There was so much about SiCKO that seemed very "un-Michael-Moore," given Moore's history of heavy-handed editing and cinematic polemicism. Recently, I've had serious issues with Bowling For Columbine, which contains scenes that I would label unethical documentary filmmaking. The bank sequence at the beginning of the film was edited as if Moore simply walked into a bank, filled out paper work, and walked out with a gun. That simply wasn't the case. Moore's editing of Charlton Heston's speech in Colorado was absolutely unjustified. If you read Heston's speech transcript, he actually serves up some good points. Moore edited those out unfairly.

But Moore let's the people do the talking for the most part in his latest documentary, which I consider to be he most mature and disciplined. Of course, there's the typical Moore narration throughout the film, with quips of humor and cutting ironies. But I don't think Moore is shoving anything down our throats, he's merely confirming the obvious: That a health care system, whose primary motivation is financial profit, is inhumane and inexcusable.

I felt that the faith I had started to lose in Michael Moore was renewed with SiCKO and I hope some of the bridges he burned with his previously polarizing films are rebuilt by those who would normally oppose Moore's ideology, or by politicians who might be afraid to have their names associated with anything Moore-sque. SiCKO attempts to reach across the aisle and unite all of us as a body politic. Hopefully, his previous reaching across the aisle to slap some sense into people doesn't turn them away from this very important, if not historically essential, film.

And don't worry Michael, I plan on actually going to the theater to see it again. You'll get my eight dollars.


Warren said...

Yeah, I started the film and felt disgust for our health system, but I fought back the tears for almost 2/3 of the movie. Then, when they went to Cuba and the lady was able to get her inhalers for 6 pesos...I lost it, I broke down and cried hard at how horribly our government has screwed its citizens. Don't be surprised if I move to Canada or France within the next 5 years. Nice review Steve!

Willy said...

Unlike you, Steve, I rarely agree with Eric Snider's reviews, I find him silly, trite, and basically stupid. So, I wasn't surprised at all see him on the anti-Moore bandwagon. He seems to agree that our health care system is fucked but doesn't like Michael Moore's anecdotal style of relaying the message. It's the same old bull-shit critique that he, Moore, dismisses data and relies on personal narratives to get his point across. But isn't that the most effective type of documentary? It's not Frontline for God's sake! It's supposed to be entertaining. Besides that, he gives the most important statistic: people in other countrys live longer than us.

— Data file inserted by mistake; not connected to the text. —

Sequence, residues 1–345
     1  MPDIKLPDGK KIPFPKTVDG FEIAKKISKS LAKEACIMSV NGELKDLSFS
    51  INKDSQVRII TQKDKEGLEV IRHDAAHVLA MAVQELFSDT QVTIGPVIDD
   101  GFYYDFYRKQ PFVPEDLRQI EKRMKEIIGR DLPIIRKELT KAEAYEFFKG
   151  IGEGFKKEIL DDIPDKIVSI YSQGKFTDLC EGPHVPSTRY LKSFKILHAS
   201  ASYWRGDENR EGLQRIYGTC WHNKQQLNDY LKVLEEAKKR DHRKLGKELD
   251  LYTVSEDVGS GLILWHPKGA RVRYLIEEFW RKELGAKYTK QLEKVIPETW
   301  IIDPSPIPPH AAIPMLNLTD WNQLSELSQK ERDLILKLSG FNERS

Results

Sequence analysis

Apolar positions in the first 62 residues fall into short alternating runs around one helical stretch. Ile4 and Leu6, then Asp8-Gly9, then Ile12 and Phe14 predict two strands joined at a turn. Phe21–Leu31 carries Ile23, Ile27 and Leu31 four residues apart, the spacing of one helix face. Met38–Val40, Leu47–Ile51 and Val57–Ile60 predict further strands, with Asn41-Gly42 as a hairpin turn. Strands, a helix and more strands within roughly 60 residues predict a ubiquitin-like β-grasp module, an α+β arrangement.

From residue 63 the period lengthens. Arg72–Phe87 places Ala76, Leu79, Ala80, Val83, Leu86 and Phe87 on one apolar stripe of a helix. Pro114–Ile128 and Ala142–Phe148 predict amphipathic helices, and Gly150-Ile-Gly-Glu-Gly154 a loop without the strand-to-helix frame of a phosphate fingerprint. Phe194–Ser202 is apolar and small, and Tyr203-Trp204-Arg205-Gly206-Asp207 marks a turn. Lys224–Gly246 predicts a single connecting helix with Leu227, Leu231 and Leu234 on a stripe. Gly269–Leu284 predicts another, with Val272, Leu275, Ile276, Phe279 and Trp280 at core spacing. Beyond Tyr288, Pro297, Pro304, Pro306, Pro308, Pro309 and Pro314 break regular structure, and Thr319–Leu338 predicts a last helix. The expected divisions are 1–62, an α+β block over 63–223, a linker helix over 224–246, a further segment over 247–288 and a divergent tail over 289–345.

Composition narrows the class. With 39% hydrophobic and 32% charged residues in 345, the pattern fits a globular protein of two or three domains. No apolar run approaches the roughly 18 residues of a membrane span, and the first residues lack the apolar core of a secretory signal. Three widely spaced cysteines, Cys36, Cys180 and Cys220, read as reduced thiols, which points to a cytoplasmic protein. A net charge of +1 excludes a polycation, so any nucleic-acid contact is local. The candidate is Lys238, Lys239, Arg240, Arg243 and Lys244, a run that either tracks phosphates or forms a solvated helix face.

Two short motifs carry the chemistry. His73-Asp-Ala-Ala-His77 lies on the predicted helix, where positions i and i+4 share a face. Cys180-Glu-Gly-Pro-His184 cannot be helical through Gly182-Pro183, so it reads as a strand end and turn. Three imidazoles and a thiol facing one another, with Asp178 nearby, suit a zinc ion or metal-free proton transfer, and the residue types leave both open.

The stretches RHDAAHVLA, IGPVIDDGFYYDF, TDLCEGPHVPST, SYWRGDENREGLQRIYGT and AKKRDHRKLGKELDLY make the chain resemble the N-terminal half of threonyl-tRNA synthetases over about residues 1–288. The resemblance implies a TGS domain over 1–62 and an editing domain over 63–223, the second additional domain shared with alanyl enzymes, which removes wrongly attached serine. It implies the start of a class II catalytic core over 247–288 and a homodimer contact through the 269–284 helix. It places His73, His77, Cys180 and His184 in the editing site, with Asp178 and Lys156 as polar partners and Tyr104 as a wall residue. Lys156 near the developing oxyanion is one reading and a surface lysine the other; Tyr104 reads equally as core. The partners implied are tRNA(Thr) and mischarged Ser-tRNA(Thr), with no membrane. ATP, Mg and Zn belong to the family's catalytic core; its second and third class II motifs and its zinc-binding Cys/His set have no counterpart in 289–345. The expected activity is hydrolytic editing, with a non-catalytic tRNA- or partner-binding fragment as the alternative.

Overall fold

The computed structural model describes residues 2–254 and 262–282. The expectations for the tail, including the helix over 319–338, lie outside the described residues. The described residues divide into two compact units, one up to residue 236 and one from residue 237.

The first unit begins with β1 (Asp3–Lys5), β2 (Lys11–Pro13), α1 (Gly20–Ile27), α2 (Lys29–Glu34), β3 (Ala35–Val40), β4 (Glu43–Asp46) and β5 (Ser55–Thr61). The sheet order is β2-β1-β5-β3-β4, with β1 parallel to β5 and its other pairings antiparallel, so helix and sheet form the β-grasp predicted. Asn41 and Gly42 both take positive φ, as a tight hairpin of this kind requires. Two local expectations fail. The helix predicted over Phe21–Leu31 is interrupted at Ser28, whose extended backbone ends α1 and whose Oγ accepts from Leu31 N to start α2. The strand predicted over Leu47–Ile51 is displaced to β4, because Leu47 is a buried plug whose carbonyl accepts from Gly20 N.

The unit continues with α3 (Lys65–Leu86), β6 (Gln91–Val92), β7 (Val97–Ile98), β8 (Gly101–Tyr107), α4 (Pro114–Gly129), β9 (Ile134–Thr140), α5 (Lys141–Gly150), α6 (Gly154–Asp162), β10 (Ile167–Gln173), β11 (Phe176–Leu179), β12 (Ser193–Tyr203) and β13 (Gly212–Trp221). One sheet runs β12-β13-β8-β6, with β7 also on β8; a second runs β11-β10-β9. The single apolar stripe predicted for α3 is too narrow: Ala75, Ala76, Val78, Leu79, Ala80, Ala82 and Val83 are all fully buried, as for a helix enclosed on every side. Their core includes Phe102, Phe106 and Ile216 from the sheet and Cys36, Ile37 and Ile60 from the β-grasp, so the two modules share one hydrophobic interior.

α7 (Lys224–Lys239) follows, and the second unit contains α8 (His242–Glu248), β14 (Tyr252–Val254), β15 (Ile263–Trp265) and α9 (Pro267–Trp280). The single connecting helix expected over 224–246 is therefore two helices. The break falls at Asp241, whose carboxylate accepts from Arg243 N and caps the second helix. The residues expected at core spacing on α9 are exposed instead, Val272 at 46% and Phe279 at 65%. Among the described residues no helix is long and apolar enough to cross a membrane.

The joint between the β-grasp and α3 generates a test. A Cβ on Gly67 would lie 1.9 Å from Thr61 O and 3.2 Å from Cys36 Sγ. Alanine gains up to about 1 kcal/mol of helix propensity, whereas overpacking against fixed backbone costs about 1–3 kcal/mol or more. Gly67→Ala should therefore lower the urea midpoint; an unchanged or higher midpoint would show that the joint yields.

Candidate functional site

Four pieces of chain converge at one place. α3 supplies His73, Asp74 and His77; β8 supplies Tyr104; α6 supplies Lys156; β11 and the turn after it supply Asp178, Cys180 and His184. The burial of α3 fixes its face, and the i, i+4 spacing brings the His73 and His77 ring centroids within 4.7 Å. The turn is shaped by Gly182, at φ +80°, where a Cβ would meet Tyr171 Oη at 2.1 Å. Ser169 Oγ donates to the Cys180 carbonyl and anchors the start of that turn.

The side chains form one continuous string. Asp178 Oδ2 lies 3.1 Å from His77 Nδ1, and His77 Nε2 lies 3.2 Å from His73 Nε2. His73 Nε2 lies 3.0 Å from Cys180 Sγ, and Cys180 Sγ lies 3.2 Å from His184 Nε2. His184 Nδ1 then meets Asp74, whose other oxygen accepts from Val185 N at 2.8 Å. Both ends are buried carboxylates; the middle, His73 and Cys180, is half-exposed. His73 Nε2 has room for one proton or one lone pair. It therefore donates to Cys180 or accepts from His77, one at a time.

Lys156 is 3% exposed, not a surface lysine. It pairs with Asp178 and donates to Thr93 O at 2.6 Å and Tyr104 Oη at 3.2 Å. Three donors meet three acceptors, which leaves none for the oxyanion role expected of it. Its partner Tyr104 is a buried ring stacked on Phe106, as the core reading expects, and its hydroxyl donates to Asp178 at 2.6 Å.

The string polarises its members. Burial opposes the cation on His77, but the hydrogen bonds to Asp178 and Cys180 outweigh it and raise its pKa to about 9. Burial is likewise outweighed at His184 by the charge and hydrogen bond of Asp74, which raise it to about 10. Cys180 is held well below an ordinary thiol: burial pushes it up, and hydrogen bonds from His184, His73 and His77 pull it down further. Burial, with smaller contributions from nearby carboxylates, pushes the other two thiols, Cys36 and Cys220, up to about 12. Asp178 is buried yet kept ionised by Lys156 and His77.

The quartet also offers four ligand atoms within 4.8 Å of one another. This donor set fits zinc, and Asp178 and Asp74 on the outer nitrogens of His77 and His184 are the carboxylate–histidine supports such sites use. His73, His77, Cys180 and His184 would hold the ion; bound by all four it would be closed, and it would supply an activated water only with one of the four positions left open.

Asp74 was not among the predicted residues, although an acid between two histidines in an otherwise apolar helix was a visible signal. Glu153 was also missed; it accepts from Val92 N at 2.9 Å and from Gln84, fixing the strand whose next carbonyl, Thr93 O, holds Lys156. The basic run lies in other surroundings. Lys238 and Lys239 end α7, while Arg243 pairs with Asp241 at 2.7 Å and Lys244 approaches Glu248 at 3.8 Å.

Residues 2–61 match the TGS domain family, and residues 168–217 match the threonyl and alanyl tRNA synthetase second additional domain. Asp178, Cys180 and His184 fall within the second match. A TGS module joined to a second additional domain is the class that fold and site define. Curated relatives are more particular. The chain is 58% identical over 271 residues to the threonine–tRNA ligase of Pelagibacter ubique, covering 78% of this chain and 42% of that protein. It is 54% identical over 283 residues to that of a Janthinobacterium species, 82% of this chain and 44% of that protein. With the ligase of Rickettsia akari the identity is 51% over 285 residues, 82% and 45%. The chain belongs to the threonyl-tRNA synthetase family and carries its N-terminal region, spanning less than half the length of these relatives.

The thing that really confuses me about guys like Snider is how they can cling to the status quo when they are those getting screwed. If you work for an insurance company, by all means hate this movie, but if you're a regular joe wake up, God damnit!

Like Warren, when I saw the look on the 911 rescue worker as she uttered "it's an insult" I couldn't control myslelf any longer. What an insult that our corporations dare profit from those who volunteered selflessly.

Speaking of anecdotes, My second daughter was born in a hospital in Barcelona, Spain. There were complications, and I was scared shitless. We were living in the country illegally and did not qaulify for their free health care. However, the doctors and nurses gave us their full attention, and I sincerely believed they saved my daughter's life. There were no long lines, the care was remarkable, and it didn't cost us a dime. Socialized insurance makes perfect sense, and Sicko gets it dead on.